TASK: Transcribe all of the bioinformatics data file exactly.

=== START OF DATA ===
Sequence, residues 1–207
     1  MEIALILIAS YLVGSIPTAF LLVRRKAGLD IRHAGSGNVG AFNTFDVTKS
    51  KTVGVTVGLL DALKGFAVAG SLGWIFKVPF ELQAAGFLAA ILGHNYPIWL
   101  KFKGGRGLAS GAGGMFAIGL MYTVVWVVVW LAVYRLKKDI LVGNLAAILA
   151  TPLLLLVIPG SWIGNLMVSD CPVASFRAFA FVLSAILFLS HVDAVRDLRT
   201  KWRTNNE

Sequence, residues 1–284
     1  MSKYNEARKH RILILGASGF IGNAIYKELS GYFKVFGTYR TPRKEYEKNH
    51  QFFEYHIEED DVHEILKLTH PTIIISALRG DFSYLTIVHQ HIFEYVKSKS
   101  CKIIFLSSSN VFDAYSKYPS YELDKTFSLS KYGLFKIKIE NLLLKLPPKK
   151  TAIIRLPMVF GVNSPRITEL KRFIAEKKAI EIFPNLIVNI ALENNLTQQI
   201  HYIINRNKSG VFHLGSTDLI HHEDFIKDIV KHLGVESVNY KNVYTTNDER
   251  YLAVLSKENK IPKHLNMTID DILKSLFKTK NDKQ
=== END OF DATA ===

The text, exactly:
Sequence, residues 1–207
     1  MEIALILIAS YLVGSIPTAF LLVRRKAGLD IRHAGSGNVG AFNTFDVTKS
    51  KTVGVTVGLL DALKGFAVAG SLGWIFKVPF ELQAAGFLAA ILGHNYPIWL
   101  KFKGGRGLAS GAGGMFAIGL MYTVVWVVVW LAVYRLKKDI LVGNLAAILA
   151  TPLLLLVIPG SWIGNLMVSD CPVASFRAFA FVLSAILFLS HVDAVRDLRT
   201  KWRTNNE

Sequence, residues 1–284
     1  MSKYNEARKH RILILGASGF IGNAIYKELS GYFKVFGTYR TPRKEYEKNH
    51  QFFEYHIEED DVHEILKLTH PTIIISALRG DFSYLTIVHQ HIFEYVKSKS
   101  CKIIFLSSSN VFDAYSKYPS YELDKTFSLS KYGLFKIKIE NLLLKLPPKK
   151  TAIIRLPMVF GVNSPRITEL KRFIAEKKAI EIFPNLIVNI ALENNLTQQI
   201  HYIINRNKSG VFHLGSTDLI HHEDFIKDIV KHLGVESVNY KNVYTTNDER
   251  YLAVLSKENK IPKHLNMTID DILKSLFKTK NDKQ